ISIS Trial in Minnesota: ‘Three Somali-American’ Men Go On Trial For Allegedly Trying To Join ISIS

Updated: May 9, 2016
ISIS trial in Minnesota: Three Somali-American Men Go On Trial For Allegedly Trying To Join ISIS

Three Somali-Minnesotan men accused of trying to travel to Syria to fight alongside the Islamic State group are going to trial this week in Minneapolis.

The three were caught up in a yearlong FBI investigation in the Twin Cities that produced one of the government’s most complex terror recruitment prosecutions.

Abdirahman Yasin Daud, 22; Mohamed Abdihamid Farah, 22; and Guled Ali Omar, 21; are the final three remaining defendants from a circle of 10 young Somali-American men charged last year after the intensive FBI investigation. Six have pleaded guilty and another is a fugitive who reportedly made it into Syria to fight for the Islamic State in Iraq and the Levant.

The most serious charge, conspiracy to murder outside the United States, carries the possibility of life in prison.

The trial, just the third federal Isil-related case to reach a courtroom, is expected to last three weeks and draw a large local and national audience; previous hearings in the case have required overflow seating and a heavy law enforcement presence.

In briefs filed over the weekend, prosecutors said they expect to call 26 witnesses.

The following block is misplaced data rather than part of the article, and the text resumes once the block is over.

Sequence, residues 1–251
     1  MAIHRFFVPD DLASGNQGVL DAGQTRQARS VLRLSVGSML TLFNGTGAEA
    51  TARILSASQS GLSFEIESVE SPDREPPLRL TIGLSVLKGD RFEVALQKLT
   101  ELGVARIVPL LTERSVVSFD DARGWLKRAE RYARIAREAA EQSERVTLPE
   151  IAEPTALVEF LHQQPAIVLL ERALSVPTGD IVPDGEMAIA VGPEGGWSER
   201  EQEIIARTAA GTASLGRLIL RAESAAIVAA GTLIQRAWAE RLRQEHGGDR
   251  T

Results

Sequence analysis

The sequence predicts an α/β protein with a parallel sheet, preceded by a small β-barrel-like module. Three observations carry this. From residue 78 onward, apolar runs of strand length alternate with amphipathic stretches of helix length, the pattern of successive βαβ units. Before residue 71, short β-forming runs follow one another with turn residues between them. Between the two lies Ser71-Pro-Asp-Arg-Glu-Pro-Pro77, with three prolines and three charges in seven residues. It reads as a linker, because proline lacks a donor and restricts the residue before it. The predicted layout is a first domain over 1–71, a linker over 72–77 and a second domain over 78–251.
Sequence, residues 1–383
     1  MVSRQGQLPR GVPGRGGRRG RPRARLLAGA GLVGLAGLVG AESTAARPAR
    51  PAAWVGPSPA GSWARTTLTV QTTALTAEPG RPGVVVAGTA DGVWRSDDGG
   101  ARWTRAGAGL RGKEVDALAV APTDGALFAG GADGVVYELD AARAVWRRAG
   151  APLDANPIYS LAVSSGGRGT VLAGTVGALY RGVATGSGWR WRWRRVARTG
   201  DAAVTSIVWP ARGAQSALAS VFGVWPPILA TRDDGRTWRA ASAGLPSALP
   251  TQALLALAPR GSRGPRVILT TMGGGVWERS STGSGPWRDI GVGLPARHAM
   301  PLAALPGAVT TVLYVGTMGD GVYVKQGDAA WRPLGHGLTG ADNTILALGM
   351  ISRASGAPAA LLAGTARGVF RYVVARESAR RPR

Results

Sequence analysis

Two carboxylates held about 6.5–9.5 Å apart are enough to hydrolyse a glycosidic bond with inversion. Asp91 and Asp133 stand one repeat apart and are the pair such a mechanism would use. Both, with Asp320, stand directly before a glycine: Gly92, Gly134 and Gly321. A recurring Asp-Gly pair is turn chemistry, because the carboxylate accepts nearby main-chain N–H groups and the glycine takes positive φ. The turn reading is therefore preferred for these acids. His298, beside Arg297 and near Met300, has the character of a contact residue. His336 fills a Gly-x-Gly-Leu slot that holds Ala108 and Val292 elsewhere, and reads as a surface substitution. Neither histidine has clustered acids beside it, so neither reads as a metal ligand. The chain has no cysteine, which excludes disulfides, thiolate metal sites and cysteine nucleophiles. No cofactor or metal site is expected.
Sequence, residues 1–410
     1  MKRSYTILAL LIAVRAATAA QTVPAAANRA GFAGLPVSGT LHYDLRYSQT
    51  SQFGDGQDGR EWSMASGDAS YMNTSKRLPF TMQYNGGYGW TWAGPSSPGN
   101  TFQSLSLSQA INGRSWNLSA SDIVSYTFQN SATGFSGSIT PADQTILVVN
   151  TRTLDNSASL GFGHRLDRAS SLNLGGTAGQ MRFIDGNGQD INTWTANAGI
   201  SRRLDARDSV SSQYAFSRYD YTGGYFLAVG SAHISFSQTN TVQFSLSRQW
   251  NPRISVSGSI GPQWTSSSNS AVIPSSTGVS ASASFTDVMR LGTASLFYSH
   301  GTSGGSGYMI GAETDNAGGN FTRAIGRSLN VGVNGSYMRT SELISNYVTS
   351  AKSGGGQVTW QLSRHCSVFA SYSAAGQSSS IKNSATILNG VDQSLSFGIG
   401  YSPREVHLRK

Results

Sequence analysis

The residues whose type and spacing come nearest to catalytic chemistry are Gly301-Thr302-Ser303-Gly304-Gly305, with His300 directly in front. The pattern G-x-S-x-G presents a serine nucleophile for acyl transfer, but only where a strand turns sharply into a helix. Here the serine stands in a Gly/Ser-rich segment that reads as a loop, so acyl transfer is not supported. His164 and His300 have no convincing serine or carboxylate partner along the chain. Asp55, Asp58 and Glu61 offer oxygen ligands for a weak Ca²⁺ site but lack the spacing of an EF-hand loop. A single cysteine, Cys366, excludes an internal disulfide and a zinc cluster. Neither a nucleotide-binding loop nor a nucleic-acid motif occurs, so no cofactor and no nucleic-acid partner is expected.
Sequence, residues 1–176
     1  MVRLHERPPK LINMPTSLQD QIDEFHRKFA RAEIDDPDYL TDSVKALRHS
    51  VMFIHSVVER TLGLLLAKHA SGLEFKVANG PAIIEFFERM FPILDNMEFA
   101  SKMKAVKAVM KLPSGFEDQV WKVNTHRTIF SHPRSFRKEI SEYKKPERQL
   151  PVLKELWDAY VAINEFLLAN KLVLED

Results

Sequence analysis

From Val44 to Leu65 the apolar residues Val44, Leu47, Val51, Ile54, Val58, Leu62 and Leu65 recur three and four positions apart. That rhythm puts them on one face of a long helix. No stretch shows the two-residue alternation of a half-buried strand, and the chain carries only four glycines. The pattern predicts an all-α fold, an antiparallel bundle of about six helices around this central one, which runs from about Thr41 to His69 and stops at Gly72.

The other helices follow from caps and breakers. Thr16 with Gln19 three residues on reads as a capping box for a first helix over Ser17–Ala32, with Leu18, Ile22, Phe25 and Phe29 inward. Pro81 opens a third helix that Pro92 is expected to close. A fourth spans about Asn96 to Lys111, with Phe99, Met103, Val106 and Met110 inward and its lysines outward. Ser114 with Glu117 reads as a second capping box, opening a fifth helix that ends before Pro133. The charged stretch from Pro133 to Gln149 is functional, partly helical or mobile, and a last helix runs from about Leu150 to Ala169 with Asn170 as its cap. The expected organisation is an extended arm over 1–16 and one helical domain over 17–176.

A small group of civil liberties advocates also showed up at the Minneapolis federal building Monday morning, carrying signs that read, “Free Our Entrapped Youth.”

Before jury selection began, U.S. District Judge Michael Davis convened a 9 a.m. hearing on a motion late last week from Farah’s attorney to withdraw from the case. The attorney, Murad Mohammad, filed the motion after saying Farah’s family could no longer pay his fees and on the same day Farah’s parents held a news conference criticizing his representation. They said Mohammad encouraged their son to accept a guilty plea instead of fighting the charges at trial.

On Thursday, Davis issued an order saying that the court would attempt to provide an overflow courtroom each day of the trial to maximize the number of possible audience members. Any exhibits admitted into evidence will be made available after trial, Davis said.